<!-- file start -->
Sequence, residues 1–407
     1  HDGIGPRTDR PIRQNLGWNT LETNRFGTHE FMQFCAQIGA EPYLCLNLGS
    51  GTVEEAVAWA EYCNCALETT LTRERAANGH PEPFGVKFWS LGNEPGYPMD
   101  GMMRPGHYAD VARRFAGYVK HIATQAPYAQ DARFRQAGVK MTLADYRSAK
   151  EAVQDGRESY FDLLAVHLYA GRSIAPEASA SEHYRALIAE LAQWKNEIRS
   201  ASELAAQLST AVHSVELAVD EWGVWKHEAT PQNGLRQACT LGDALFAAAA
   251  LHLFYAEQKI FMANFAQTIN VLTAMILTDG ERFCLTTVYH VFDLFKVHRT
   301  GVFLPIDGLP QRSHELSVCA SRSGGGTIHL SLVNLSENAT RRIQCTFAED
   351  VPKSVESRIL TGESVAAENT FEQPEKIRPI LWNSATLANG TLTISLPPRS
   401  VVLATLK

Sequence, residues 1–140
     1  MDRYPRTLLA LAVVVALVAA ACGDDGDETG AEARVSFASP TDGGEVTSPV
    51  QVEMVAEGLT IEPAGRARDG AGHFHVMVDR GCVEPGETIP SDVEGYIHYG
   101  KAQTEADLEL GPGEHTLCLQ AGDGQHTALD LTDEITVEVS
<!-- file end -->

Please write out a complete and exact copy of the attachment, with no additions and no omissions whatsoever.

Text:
Sequence, residues 1–407
     1  HDGIGPRTDR PIRQNLGWNT LETNRFGTHE FMQFCAQIGA EPYLCLNLGS
    51  GTVEEAVAWA EYCNCALETT LTRERAANGH PEPFGVKFWS LGNEPGYPMD
   101  GMMRPGHYAD VARRFAGYVK HIATQAPYAQ DARFRQAGVK MTLADYRSAK
   151  EAVQDGRESY FDLLAVHLYA GRSIAPEASA SEHYRALIAE LAQWKNEIRS
   201  ASELAAQLST AVHSVELAVD EWGVWKHEAT PQNGLRQACT LGDALFAAAA
   251  LHLFYAEQKI FMANFAQTIN VLTAMILTDG ERFCLTTVYH VFDLFKVHRT
   301  GVFLPIDGLP QRSHELSVCA SRSGGGTIHL SLVNLSENAT RRIQCTFAED
   351  VPKSVESRIL TGESVAAENT FEQPEKIRPI LWNSATLANG TLTISLPPRS
   401  VVLATLK

Sequence, residues 1–140
     1  MDRYPRTLLA LAVVVALVAA ACGDDGDETG AEARVSFASP TDGGEVTSPV
    51  QVEMVAEGLT IEPAGRARDG AGHFHVMVDR GCVEPGETIP SDVEGYIHYG
   101  KAQTEADLEL GPGEHTLCLQ AGDGQHTALD LTDEITVEVS